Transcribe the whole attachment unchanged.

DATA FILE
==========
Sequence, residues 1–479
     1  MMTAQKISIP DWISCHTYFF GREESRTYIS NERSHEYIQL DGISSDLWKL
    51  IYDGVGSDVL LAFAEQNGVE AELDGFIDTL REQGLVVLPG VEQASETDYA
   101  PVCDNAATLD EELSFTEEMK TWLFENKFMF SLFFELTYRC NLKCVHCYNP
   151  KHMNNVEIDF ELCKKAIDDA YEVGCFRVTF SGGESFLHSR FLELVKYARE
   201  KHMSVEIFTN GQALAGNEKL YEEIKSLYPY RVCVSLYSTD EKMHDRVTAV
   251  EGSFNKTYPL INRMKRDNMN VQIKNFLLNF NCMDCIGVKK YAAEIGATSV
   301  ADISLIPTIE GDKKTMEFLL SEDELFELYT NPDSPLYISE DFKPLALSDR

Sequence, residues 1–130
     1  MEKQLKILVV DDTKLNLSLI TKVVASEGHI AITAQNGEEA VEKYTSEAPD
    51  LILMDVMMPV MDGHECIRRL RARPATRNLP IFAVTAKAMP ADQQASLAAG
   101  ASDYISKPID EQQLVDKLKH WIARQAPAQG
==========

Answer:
Sequence, residues 1–479
     1  MMTAQKISIP DWISCHTYFF GREESRTYIS NERSHEYIQL DGISSDLWKL
    51  IYDGVGSDVL LAFAEQNGVE AELDGFIDTL REQGLVVLPG VEQASETDYA
   101  PVCDNAATLD EELSFTEEMK TWLFENKFMF SLFFELTYRC NLKCVHCYNP
   151  KHMNNVEIDF ELCKKAIDDA YEVGCFRVTF SGGESFLHSR FLELVKYARE
   201  KHMSVEIFTN GQALAGNEKL YEEIKSLYPY RVCVSLYSTD EKMHDRVTAV
   251  EGSFNKTYPL INRMKRDNMN VQIKNFLLNF NCMDCIGVKK YAAEIGATSV
   301  ADISLIPTIE GDKKTMEFLL SEDELFELYT NPDSPLYISE DFKPLALSDR

Sequence, residues 1–130
     1  MEKQLKILVV DDTKLNLSLI TKVVASEGHI AITAQNGEEA VEKYTSEAPD
    51  LILMDVMMPV MDGHECIRRL RARPATRNLP IFAVTAKAMP ADQQASLAAG
   101  ASDYISKPID EQQLVDKLKH WIARQAPAQG